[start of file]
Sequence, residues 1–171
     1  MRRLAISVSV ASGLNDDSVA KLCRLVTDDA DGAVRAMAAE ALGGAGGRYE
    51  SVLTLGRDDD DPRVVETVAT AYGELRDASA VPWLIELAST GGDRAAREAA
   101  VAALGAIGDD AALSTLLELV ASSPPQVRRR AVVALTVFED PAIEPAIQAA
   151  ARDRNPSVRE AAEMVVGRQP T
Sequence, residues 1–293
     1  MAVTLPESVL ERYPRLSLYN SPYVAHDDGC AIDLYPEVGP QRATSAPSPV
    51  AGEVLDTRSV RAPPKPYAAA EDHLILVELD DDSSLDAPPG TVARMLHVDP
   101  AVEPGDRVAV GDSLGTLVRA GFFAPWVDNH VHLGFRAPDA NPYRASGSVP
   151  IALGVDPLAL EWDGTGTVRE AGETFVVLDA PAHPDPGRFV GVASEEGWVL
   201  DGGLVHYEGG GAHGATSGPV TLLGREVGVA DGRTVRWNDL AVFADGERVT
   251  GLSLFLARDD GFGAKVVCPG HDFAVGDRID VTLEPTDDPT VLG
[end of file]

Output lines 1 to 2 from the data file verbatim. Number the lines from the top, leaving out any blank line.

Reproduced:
Sequence, residues 1–171
     1  MRRLAISVSV ASGLNDDSVA KLCRLVTDDA DGAVRAMAAE ALGGAGGRYE